Friday, October 29, 2004
Still here, just been busy.
More posts soon, but in the meantime I'd like to relay a completely unrelated and inane observation: Over the past three days I have seen two bags of dry cement broken open in the middle of the road in completely different neighborhoods.
As the cars continually drove over them, the plume of cement dust grew to proportions that can only be described in terms of the 1980 Mt. St. Helens eruption.
How can this be? I thought we were in the midst of a cement shortage. Shouldn't we be rationing concrete, our most precious of the conglomerate construction materials?
And what are the odds I'd see two different, yet similar examples cement misuse in three days? Any statisticians out there?
Tuesday, October 19, 2004
I had a reaction similar as those who commented on the previous post, which is what made me park and get out of my car. It just looked so surreal. As I walked up, I thought, “Is it some sort of guerilla street art? What could have possibly done this?” So, I snapped a picture with my handy camera phone.
When I started to look around, I began to realize it probably wasn’t the aftermath of some fiery accident. The bent over streetlight was still flashing and, much to my dismay, there wasn’t change pouring out of the damaged parking meter.
Then I noticed there was a man sitting behind me on a stool. I said to him, “Do you know what this is all about?”
He looked at me like he had answered that question about a million times already, but still gave me the stock reply. “They’re going to shoot a commercial here. A car is going to come screeching to a halt and everything will look as if it’s melted and burned. I’m just watching the props until later tonight.”
You can imagine my disappointment.
I took a closer look at the sign (Emily almost pegged it) and realized that it said “Hot Maxima.”
So there you go. Coming soon to a television near you: The new Nissan commercial.
Monday, October 18, 2004
I noticed something strange on my way to a freelance gig the other day and although my camera phone doesn't really do it justice, I thought I would share a picture of what I saw.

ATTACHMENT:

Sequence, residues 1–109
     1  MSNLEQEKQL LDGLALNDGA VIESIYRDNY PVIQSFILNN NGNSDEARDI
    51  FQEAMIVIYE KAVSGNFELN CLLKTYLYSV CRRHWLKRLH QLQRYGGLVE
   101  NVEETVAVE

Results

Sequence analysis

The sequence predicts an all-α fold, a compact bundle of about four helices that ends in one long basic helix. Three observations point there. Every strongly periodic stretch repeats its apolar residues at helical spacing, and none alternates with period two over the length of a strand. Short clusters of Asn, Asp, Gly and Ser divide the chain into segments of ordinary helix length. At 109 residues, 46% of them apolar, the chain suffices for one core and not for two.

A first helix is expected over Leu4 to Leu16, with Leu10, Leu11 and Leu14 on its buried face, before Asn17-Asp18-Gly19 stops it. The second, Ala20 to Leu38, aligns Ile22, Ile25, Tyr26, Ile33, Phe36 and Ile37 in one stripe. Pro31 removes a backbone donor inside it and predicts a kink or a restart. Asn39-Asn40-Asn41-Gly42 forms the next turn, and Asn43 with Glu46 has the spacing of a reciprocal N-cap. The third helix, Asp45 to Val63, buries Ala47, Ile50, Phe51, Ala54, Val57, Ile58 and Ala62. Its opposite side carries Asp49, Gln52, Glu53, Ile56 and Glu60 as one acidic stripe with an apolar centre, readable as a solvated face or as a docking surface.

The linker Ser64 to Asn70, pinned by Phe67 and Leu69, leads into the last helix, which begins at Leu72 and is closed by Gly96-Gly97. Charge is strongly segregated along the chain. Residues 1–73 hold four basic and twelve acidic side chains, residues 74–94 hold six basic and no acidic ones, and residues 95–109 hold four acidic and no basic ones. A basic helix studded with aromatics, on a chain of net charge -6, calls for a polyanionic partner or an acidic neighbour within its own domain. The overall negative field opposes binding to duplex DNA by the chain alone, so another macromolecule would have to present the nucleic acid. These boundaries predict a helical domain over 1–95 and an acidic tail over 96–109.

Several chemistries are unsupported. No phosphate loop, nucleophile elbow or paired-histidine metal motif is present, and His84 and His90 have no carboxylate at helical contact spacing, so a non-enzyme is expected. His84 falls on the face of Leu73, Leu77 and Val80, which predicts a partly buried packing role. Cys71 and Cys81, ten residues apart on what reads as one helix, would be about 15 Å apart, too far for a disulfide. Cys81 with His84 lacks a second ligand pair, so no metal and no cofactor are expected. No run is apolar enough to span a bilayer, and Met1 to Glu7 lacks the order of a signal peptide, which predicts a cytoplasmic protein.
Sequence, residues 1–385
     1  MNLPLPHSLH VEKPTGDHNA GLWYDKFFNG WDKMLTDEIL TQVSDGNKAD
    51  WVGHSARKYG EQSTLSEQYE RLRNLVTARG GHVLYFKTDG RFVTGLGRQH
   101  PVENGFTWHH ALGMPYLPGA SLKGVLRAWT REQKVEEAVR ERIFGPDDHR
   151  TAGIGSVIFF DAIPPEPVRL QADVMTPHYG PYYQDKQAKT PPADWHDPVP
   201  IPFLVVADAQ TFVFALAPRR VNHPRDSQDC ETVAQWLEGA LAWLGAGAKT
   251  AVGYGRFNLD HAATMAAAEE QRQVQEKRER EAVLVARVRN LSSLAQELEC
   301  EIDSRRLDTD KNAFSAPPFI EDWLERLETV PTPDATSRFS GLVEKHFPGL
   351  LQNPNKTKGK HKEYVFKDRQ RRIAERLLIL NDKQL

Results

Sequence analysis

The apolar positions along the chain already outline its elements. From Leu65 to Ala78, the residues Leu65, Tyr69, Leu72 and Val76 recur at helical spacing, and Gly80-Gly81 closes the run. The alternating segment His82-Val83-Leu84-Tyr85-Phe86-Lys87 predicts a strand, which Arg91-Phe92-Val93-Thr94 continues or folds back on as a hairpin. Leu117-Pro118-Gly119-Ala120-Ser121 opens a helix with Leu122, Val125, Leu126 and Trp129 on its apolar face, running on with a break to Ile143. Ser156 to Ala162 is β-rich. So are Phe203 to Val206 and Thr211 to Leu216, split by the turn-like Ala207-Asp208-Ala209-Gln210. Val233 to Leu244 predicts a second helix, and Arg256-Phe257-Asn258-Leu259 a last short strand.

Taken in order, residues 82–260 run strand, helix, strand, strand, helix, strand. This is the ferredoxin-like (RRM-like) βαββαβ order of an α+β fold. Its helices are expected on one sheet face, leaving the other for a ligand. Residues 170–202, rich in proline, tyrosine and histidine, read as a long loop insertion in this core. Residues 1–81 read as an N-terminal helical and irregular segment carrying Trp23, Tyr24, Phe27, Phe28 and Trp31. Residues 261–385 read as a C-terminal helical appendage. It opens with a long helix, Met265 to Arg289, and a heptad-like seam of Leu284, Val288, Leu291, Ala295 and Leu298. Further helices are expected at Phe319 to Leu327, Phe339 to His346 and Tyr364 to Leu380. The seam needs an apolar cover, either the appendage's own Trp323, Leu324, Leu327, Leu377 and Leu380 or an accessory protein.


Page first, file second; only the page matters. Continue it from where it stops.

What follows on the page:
The mass next to the twisted and melted streetlight is a charred bicycle.
Friday, October 15, 2004
At the risk of being labeled a follower, hanger-on or Johnny-come-lately (especially in the wake of Zach Braff’s Garden State), I must say I’m really enjoying The Shins.
Especially their album Chutes Too Narrow.
Specifically, and because I just learned to play it, I love the song Young Pilgrims.
Wednesday, October 13, 2004
The last few days I've been working on a script for a African-American lifestyle/home improvement show.
Tomorrow I'll be working on a children's cartoon based off the marketing of some card game I don't understand.
Ahhh... The joys of freelance.
Tuesday, October 12, 2004
I just saw Trishelle of The Real World: Las Vegas and The Surreal Life at the 7-11 down the street from where I live. She had some serious bags under her eyes and was driving a trashed and dirty Volkswagen Jetta.
And she was buying a bag of Doritos at 7-11.
I guess being on reality TV ain't all it’s cracked up to be.
Sunday, October 10, 2004
Is it just me, or is it weird to hear a snooty men's restroom attendant say, "I hope everything was okay in there," to someone who just came out of a stall?
It's just me, isn't it?
Wednesday, October 06, 2004
So, as I was saying…
When I walked through the front door, I begin to wonder what was going on since there seemed to be lights on throughout the house. In the entryway above me, a light was on. In the hallway in front of me, a light was on. In the living room to my right, a light was on.
I followed my new friend to the left, however, and into a dark room. It was quiet, but I could make out that there was something in the room, or at least some sort of presence.
Without a word, he pointed to a light switch on the wall to my left. I noticed it wasn’t an ordinary flip-it-up-and-down kind of light switch, but more of a push button kind of device. As I stared at the switch, it occurred to me that a complete stranger had invited me into his home to perform the lightest of all physical activity. In fact, I had spent more energy climbing the steps than I was about to by turning on this light.
But I was glad to do it. This family’s cultural and religious tradition seemed to be a perfect bedfellow for my ignorance. By being exposed to something I had not much knowledge of, it would be illuminating for me in a much different way than it would be for them.